- Changes to written terms without proper consultation
- Withholding wages and holiday pay
- Bullying and harassment
- Intolerable workload pressure
- Health & Safety Breaches
- Breach of Working Time Regulations
- Not treating a whistleblowing complaint properly
- Subjecting the employee to unfair or untrue allegations
Timing of Resignation
In order to succeed in a constructive dismissal claim, an employee must resign promptly in response to the breach relied on. If the employee wishes to resign in response to a flawed or incomplete grievance outcome letter, resigning months later, would be very problematic. There is no set deadline and each case is dependent on the facts. An employee on sick leave for work related stress, will be given some leeway if there is a slight delay in resigning.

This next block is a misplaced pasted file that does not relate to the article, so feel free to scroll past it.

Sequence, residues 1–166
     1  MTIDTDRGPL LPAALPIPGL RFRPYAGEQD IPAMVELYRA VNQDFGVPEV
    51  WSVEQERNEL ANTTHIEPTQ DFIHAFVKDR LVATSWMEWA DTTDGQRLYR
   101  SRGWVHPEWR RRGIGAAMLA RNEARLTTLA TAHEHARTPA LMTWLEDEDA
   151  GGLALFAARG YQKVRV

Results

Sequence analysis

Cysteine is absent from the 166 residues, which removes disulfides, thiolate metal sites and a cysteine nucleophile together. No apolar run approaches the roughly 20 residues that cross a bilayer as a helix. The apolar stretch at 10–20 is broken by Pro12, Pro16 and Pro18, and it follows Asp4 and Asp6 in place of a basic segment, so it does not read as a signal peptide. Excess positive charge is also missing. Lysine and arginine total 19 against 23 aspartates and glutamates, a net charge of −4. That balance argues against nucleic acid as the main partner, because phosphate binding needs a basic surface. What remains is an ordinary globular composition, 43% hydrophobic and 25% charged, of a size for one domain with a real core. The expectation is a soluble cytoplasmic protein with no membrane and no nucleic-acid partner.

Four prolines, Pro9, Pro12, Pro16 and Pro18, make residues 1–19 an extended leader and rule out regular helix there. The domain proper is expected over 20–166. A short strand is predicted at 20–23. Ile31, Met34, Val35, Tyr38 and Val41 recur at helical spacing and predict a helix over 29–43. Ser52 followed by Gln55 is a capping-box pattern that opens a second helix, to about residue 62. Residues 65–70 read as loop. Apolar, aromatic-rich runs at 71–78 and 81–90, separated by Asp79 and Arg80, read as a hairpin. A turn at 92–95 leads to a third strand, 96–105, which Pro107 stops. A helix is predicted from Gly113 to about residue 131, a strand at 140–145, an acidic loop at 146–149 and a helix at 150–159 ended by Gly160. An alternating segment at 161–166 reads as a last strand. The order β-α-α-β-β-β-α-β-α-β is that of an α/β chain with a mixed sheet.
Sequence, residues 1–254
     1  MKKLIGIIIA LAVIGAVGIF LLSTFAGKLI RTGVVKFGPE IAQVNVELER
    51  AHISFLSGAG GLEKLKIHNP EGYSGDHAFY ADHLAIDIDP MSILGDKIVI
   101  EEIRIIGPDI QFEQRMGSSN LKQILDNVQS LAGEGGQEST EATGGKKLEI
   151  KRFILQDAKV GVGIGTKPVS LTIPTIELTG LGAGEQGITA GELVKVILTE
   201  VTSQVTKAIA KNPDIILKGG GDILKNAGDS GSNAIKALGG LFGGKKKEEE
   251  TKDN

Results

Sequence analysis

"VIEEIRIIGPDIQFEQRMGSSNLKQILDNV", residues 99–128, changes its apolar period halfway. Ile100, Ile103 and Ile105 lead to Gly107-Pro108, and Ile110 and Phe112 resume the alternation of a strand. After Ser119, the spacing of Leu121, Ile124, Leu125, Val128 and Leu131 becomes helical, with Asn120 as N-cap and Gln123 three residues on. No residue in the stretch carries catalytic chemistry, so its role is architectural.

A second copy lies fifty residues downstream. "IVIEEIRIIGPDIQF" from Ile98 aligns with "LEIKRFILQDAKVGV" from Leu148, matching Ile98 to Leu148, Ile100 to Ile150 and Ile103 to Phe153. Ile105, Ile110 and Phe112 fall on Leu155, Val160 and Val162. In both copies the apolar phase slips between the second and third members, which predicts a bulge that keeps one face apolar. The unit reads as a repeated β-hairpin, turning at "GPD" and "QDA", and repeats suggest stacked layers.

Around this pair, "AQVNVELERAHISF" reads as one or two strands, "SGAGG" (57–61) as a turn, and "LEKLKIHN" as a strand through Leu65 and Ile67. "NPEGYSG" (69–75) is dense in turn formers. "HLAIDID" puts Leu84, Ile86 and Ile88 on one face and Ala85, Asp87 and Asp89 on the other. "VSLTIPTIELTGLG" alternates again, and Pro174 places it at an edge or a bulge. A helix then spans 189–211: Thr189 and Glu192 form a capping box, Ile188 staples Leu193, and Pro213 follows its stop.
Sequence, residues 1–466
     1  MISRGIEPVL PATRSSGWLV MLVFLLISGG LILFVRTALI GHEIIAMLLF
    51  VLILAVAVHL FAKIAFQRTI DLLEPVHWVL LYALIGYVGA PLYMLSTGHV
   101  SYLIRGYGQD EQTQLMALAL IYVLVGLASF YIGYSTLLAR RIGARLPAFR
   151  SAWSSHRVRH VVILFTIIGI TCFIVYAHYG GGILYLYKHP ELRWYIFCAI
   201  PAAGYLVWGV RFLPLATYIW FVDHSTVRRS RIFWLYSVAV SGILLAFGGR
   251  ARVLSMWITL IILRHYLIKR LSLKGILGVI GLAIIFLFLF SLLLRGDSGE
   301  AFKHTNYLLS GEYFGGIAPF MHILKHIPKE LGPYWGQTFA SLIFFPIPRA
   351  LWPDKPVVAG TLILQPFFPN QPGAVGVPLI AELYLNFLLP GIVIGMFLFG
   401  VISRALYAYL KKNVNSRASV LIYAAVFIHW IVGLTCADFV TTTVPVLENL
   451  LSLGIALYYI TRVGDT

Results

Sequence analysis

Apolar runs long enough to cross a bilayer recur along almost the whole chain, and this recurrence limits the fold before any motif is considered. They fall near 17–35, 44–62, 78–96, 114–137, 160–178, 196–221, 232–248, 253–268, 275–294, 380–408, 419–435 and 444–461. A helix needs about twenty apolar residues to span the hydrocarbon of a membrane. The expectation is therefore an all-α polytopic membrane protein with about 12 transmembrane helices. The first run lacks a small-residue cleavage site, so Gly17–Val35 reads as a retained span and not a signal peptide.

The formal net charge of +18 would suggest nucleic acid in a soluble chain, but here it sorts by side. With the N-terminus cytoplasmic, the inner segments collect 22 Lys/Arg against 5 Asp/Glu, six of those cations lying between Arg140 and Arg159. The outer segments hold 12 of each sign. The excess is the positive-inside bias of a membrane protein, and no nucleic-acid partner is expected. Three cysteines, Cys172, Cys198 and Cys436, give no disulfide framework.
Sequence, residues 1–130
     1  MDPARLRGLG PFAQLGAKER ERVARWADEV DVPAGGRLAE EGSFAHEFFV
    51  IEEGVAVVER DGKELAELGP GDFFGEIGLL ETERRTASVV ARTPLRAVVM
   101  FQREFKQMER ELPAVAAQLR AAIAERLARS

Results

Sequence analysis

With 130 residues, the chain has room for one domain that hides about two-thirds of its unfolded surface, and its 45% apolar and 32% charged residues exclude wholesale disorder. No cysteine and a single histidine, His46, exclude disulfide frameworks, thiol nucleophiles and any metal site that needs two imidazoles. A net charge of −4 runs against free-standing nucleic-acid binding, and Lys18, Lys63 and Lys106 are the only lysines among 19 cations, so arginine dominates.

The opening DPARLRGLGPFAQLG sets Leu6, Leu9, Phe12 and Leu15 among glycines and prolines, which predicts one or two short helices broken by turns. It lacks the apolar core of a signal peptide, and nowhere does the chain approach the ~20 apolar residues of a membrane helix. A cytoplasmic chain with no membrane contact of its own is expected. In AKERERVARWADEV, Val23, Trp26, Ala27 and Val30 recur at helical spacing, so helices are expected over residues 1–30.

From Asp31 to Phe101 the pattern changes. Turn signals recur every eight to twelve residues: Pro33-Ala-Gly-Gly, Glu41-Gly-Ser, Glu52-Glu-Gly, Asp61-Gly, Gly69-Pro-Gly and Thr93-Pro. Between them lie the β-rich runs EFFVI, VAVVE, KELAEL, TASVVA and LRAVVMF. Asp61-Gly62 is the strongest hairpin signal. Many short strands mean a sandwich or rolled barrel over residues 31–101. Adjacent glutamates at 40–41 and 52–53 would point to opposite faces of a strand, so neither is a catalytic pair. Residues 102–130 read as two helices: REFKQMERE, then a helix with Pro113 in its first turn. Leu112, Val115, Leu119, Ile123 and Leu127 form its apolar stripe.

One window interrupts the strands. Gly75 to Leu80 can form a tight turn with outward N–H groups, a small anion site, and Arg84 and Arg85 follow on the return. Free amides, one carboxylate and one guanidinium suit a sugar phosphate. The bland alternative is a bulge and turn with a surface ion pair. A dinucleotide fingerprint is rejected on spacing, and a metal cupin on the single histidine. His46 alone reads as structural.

There is often a last straw in constructive dismissal cases where the employee is tipped over the edge.
We have encountered many cases where a constructive dismissal claim is weakened because even though the employer’s conduct leaves a lot to be desired, the employee has waited too long, or waited for some other factor to intervene.
Resigning on the day your sick pay runs out or until a new job has been offered, although understandable, would undermine a constructive dismissal claim.
It is not a good idea to resign after the first, minor breach but rather bide your time until there is a clear pattern emerging.
It is also a good tip to keep a diary of events and take notes of what is occurring.
Raising a grievance before resigning